The year 2010 should be a banner year for real estate buyers. There will be challenges and benefits unique to this time period. Learn how to time your purchase or refinance to take advantage.
Current Mortgage Rates Are Lower than 2010's Will Be
Most analysts expect that when the government ceases to prop the mortgage-backed securities (MBS) market with its $trillion-plus in purchases, the spread between yields on mortgage-backed debt and Treasury securities will increase perhaps by a half percentage point. This means that the price of MBS should drop and interest rates should go up. In addition, as the economy recovers, concerns about inflation are bound to make themselves known. Investors can be expected to abandon the bond and MBS markets for stocks when things heat up, and that is very likely to push mortgage quotes higher.
Mortgage and Housing Markets Will Continue to Vary
The entire real estate industry has not gone to Hell in a hand basket--it depends on where you live, although in general the real estate market will continue to favor buyers over sellers in 2010. That means those looking to buy a home next year should not feel pressured to act rashly.The performance of the entire US housing market is much less important that the movements of your local market, and sales and pricing will vary a great deal from one neighborhood to the next in 2010. That works for mortgage quotes, too--a home loan in a "distressed" market is more expensive and harder to get. So don't rely on national news--get a knowledgeable real estate pro and a good lender and take advantage of their knowledge of local conditions.
FHA Mortgage Requirements Set to Increase
While Fannie Mae and Freddie Mac have jacked up underwriting standards in the face of increasing defaults, FHA home loans, which come with a minimum down payment of just 3.5%--have remained an option for many marginally-qualified borrowers. With FHA guaranteeing nearly 30% of new-home purchase mortgages, its reserves have dipped below Congressionally-mandated levels. So in early December, the Department of Housing and Urban Development (HUD) announced that it would add restrictions to FHA mortgage requirements: raising up-front cash requirements (probably to about 5%), boosting minimum credit scores (potential target: 620-660), and possibly charging more for its mortgage insurance premiums. And even more new requirements may be in store.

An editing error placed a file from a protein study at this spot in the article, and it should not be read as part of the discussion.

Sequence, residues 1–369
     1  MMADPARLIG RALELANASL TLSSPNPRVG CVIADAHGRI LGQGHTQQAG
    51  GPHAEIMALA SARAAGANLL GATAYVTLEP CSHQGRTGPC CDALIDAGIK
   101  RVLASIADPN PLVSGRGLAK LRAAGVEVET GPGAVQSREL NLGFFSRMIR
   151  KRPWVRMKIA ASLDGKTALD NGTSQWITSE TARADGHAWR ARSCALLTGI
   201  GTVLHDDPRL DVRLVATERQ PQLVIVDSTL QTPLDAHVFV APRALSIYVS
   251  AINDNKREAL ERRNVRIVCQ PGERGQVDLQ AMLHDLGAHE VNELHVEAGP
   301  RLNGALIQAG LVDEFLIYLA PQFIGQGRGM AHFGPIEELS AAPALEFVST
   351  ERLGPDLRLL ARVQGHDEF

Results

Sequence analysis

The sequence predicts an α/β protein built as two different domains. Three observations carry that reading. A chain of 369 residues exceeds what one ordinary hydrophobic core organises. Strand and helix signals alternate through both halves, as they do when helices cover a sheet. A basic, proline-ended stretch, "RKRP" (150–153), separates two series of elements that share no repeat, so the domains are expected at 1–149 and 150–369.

Tax Credits More Widely Available
In addition to lower prices and rock-bottom mortgage rates, buyers in 2010 have an extra incentive to get into the market. In early November, the first time home buyer tax credit was extended and expanded. The legislation gives qualified first-time home buyers a refundable tax credit of 10% of their purchase price (up to $8,000) if they close on the purchase of a primary residence by June 30 (they have to get into escrow by April 30). The income requirements to be eligible for the credit were also increased, and qualified current home owners were made eligible for a credit of up to $6,500.
2010: The Year of the Home
All in all, 2010 offers many more reasons to buy a home than most periods in history--current mortgage rates are low, housing prices have tanked, there are government incentives, and in the near future, rates may be higher and loans harder to get. So those in a position to buy should seriously consider getting it done fast.